This week’s guest on the SUCCESS Line has been hustling since he was 15 years old and working as a cashier at Chick-Fil-A. Now in his 50s and running his own $2 million company, he is finally looking up from the grind and asking, “How do I know when I’ve done enough?”
This is such an important question that not enough entrepreneurs ask:
- How do I know when I’ve built my business to the right size?
- When will I have enough money?
- Enough time?
- Enough followers, trophies, and friends?
Put more simply, when can I stop?
If you’re expecting a clear finish line filled with applauding fans at the end of your career, you’re going to be sorely disappointed. There is no magic number or milestone to alert you that you’ve done enough. Instead, focus on building a healthy business today that can sustain itself tomorrow. And for that, there are three clear signs you are on the right track.
1. Healthy businesses should grow.
This may sound obvious, but a healthy business should grow. If you are doing things right—growing your reach, improving efficiency and streamlining systems—things should improve and build upon themselves. If you’re not growing, something is wrong.
With a healthy business, look for at least 20% growth in revenue, especially early on. This level of growth gets harder as your business expands, but accelerated revenue growth is one factor in determining the health of your business.
2. Healthy businesses should make money.
Businesses are valued based on estimated future cash flows. If you have a money machine that prints $1 per year, the acquirer will ask how many years that profit will be reliable. Whether you have any intention of selling, if a company does not make a profit, it is not self-sustaining.
Even if you receive funding or take on investors, you cannot treat those investments like an infinite pot of gold. If your business is losing money, the runway will only be so long before you run out of cash entirely. Improving your business’ profit margin should always be a focus if you want to build a long-lasting company.
You need to separate yourself from your business and treat it like a money-making machine. Check in: Are you making a consistent profit year after year? If you’re not, something needs to change. If you are, how can you make even more?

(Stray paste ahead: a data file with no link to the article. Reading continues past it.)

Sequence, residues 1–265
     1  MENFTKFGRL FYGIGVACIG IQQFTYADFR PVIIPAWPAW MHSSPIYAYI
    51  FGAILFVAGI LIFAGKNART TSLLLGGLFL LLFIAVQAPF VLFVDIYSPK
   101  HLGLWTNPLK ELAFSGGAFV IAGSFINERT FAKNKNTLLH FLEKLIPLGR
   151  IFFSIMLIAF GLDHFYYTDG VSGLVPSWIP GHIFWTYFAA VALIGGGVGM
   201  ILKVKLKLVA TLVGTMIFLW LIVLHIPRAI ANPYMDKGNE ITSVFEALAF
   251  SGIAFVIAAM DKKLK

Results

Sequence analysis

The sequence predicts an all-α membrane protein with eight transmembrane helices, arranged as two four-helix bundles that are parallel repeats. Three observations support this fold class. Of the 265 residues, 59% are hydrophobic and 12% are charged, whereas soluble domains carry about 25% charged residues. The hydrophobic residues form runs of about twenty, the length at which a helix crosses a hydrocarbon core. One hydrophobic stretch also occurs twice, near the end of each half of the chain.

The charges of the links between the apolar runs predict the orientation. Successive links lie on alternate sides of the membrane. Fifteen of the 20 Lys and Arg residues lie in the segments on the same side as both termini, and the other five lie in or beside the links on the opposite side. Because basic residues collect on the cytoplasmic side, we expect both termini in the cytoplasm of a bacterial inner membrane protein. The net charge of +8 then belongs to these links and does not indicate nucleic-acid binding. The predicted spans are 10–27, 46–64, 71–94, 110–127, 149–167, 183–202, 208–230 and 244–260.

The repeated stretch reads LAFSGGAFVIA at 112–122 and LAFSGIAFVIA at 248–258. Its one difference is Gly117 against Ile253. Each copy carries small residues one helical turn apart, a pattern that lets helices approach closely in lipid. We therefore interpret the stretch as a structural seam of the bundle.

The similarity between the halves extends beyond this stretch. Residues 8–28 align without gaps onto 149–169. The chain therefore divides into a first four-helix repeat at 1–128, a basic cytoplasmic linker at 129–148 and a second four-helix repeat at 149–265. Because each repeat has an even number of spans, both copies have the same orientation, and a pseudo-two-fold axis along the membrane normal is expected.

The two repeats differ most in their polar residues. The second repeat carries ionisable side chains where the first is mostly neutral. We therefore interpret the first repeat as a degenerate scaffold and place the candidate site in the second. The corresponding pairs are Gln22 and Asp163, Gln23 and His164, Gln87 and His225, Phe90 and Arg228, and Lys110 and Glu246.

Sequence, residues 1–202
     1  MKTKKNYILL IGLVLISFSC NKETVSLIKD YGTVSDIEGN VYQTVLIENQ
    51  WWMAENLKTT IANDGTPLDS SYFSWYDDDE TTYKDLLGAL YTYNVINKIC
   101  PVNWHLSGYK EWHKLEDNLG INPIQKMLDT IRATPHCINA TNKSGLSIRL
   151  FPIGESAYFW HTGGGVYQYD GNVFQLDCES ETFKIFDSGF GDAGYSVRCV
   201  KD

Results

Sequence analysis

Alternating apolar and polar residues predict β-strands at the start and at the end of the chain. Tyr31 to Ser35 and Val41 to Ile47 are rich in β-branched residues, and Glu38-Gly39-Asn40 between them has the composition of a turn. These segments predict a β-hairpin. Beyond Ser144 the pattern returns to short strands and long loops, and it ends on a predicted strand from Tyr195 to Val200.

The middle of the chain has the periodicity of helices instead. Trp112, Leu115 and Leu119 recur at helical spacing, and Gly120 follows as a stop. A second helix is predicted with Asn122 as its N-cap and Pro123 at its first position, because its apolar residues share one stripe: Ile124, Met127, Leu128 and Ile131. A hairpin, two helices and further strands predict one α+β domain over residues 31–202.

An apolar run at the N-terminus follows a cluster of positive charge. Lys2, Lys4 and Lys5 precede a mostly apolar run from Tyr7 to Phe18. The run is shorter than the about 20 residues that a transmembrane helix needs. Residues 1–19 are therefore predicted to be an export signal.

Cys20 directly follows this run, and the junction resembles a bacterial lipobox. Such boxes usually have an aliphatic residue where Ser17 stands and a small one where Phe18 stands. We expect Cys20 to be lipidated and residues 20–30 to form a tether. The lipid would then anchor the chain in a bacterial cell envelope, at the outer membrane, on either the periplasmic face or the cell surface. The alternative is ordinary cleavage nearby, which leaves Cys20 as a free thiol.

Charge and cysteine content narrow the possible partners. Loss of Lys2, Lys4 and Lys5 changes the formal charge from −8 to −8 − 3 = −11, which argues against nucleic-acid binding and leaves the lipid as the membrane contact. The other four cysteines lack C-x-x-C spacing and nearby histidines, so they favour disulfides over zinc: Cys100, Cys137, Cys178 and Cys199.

3. Healthy businesses should become less dependent on the founder over time.
The more a business depends on the founder, the more at risk the operation is for all parties involved: the customers, the employees, the founder and the potential acquirer. If a business depends on just one person, and something happens to that person, then the customers lose their ability to be served, the employees lose their jobs and the acquirers lose the possibility of buying the business.
Dependence on the founder is the linchpin of liability for every company. And I get it: it’s not easy to remove yourself from a business you built from scratch. However, if you want a self-sustaining business, you must work toward its independence, and you need to start today.
A business able to operate without its founder is not only more attractive to potential buyers, but it also gives the founder more freedom. If your business can operate without you, then you own the business instead of the business owning you.
Over time, your goal should be to build something that becomes even bigger than you, the founder. Build a self-sustaining business that lives longer than you do and gives life to future generations. That is an amazing impact worth hustling for.